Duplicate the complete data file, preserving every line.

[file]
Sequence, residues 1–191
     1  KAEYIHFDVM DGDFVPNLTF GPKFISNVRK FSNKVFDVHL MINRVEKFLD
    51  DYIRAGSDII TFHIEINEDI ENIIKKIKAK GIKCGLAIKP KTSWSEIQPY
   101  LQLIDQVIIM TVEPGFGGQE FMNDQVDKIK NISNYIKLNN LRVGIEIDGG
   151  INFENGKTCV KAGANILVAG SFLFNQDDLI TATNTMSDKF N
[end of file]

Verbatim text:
Sequence, residues 1–191
     1  KAEYIHFDVM DGDFVPNLTF GPKFISNVRK FSNKVFDVHL MINRVEKFLD
    51  DYIRAGSDII TFHIEINEDI ENIIKKIKAK GIKCGLAIKP KTSWSEIQPY
   101  LQLIDQVIIM TVEPGFGGQE FMNDQVDKIK NISNYIKLNN LRVGIEIDGG
   151  INFENGKTCV KAGANILVAG SFLFNQDDLI TATNTMSDKF N